The Midnight Meat Train is based on a Clive Barker short story – which, like most Clive Barker stories, combines beauty and excessive gore, simultaneously repelling and attracting the viewer in a Megan Fox-ish sort of way. Jonathan Sela's gorgeous compositions, tightly controlled color palette, and brilliant camera movement contrast perfectly with the head-smashings and flying eyeballs. This is easily the most stunningly shot Clive Barker film since Hellraiser.

The setting of The Midnight Meat Train is incredibly challenging for a cinematographer, as 99% of the film takes place in a subway car. How do you keep the shots from getting boring and repetitive? Sela puts the camera in every place imaginable, going so far as to swing the camera 180 degrees around the outside of a speeding subway car. He also delivers the best shot of the year: the killer decapitates a woman with a large hammer, sending her severed head rolling across the floor ... shot from the woman's point of view.

WARNING: This clip has been rated R, for Graphic Hammer-Related Violence and Mild Sexism


Above, the MMT trailer. Apparently, Lionsgate isn't too keen on embeddable media, either; click here to see the MMT decapitation scene.

Best Supporting Actress: Betsy Rue in My Bloody Valentine 3D
Release Date: February 16

The academy honored some great supporting actresses this year. This one, however, blows them all away.

Betsy Rue is only on screen for a few minutes, but boy, does she make them count. The scene: stab-happy pickaxe master Harry Warden attacks her; she flees, hides under a bed, and fights for her life. Pretty typical slasher stuff, right?

Not this time. Rue brings a level of intensity and believability rarely seen in this brand of terrortainment. She plays the scene so perfectly that you really care for her, and summons surprising courage and strength to fight the pissed-off coal miner. Not too bad for only five minutes of screen time. The crowning achievement of Rue's impressive performance: she plays the entire scene in a pair of high heels ... and nothing else. Great actors bare all for the camera, but usually they mean emotionally, not literally. Rue's dedicated, unselfconscious performance will stand the test of time as one of the best nude scenes in horror history.

WARNING: This clip is NERSFW (Not Even Remotely Safe For Work)


My Bloody Valentine 3-D trailer; click here for the NSFW Betsy Rue clip

Best Supporting Actor: Ken Jeong for The Hangover
Release Date: June 2

The Hangover is a damn funny movie, but you already know that. Universally praised as the most hilarious film of the year, The Hangover joins other overlooked Oscar-worthy super-comedies like Borat and South Park: Bigger Longer and Uncut. Academy voters, you really fucked up this time.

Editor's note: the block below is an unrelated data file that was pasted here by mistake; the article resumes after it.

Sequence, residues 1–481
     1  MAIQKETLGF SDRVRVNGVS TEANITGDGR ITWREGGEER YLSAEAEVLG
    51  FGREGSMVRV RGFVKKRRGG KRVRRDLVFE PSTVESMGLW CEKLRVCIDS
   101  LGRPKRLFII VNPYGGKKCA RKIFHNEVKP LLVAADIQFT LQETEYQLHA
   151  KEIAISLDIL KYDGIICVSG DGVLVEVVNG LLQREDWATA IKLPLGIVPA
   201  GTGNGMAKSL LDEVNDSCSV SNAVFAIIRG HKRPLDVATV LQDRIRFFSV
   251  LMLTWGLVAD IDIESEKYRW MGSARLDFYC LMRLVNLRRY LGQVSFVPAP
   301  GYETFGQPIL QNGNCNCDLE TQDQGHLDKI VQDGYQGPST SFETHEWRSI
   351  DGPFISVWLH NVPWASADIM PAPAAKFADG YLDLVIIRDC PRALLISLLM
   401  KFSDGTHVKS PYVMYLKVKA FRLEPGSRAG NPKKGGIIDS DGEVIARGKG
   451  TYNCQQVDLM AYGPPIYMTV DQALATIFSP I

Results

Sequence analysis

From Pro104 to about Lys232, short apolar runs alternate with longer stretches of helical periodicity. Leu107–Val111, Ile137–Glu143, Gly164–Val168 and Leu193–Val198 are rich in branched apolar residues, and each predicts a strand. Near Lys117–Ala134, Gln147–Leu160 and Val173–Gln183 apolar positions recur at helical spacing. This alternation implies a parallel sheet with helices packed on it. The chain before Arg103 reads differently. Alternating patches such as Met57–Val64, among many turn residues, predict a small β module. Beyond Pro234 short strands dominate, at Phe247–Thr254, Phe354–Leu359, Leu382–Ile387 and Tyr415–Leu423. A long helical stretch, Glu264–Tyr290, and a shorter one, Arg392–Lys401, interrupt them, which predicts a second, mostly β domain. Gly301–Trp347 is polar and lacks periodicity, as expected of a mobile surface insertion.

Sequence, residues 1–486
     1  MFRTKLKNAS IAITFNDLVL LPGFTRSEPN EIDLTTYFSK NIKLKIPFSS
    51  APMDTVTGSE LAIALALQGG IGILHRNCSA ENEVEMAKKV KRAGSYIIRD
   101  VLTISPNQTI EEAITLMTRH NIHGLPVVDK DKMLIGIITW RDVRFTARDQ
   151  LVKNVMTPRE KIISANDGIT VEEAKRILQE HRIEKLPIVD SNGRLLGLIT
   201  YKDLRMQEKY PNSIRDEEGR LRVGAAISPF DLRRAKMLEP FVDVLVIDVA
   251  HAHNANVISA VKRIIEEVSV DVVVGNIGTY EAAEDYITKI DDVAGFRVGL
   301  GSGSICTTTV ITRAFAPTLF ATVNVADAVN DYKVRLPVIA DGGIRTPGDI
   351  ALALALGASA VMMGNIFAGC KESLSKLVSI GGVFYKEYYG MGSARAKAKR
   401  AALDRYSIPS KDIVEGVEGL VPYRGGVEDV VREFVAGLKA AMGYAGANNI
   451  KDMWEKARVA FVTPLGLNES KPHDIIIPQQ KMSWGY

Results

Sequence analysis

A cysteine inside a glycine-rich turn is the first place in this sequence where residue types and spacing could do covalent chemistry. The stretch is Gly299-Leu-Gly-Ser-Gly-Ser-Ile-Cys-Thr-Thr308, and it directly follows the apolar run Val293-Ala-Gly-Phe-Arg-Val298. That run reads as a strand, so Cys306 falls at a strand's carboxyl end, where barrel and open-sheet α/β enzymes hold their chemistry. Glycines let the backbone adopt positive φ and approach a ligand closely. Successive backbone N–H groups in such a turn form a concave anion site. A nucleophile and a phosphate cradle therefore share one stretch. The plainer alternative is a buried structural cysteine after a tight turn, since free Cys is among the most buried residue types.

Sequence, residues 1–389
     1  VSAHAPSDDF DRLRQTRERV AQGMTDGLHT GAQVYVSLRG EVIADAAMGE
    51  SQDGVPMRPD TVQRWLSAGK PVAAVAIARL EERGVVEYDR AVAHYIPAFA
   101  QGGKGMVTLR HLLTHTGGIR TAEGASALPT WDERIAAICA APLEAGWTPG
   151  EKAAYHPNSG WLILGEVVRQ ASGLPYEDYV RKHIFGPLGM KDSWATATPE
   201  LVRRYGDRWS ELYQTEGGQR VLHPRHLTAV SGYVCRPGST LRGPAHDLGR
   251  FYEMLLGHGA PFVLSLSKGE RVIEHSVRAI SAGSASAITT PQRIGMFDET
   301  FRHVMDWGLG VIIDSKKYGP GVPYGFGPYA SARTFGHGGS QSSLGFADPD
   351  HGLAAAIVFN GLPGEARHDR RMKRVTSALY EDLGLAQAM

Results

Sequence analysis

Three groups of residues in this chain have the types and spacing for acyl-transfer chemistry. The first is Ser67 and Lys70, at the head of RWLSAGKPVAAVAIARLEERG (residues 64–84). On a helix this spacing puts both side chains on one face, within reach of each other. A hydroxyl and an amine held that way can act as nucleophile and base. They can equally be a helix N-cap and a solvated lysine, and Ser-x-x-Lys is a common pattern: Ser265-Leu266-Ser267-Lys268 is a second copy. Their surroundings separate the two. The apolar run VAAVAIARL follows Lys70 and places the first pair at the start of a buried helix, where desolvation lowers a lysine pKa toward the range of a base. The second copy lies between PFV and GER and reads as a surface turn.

Flashback to June: I was sitting in the Boston Common multiplex, enjoying Todd Phillips' irreverent and hilarious flick ... and then Ken Jeong made his grand entrance. Before this point, I was laughing pretty hard. When Jeong jumped stark naked from a car trunk and assaulted our heroes, I lost it. I fell from my chair in uncontrollable laughter, struggling to breathe. When I finished hyperventilating a few minutes later, I pulled myself from the sticky, Pepsi-covered floor and back into my seat.

Great comedy is very difficult to do well – as difficult as any other genre. Ken Jeong's brilliant acting was more impressive than any other supporting actor's, regardless of genre. Of all the great supporting performances in 2009, Jeong's is the most memorable -- and not just because he's naked.

2009 saw two great full-frontal performances, and the world is a better place for it. It was a banner year high-quality explicit public exposure – let's hope for more in 2010.


Ken Jeong on Late Night with Jimmy Fallon

Best Actress: Isabelle Fuhrman for Orphan
Release Date: July 24

In 1976, Taxi Driver propelled Jodie Foster from little-known commercial actress to Oscar-nominated breakout star. Her role as a young prostitute showed her remarkable talent, and the past 36 years have brought her critical acclaim and two Oscars (for Silence of the Lambs and The Accused) .

Jodie, meet Isabelle. Simply put, Isabelle Fuhrman kicks major ass in Orphan. She plays 12-year-old Esther, who – you guessed it – is an orphan. And since this is a horror film, you know that evil lies beneath her pale, quiet demeanor. Fuhrman's riveting performance elevates Orphan from a decent Child From Hell flick to a terrifying must-watch. I can't remember the last time a child gave this kind of powerhouse performance. The role is challenging, and requires a full range of acting skills. The film needs her to be creepy? Check. How about vulnerable? Manipulative? Slipping from innocence to cunning and back again? Check, check, check.

Remember her name. The Academy might not recognize her talent now, but in ten years, she could very well be clutching her own gold statuette at the podium.


Orphan trailer

Best Actor: Dustin Milligan for Extract
Release Date: September 4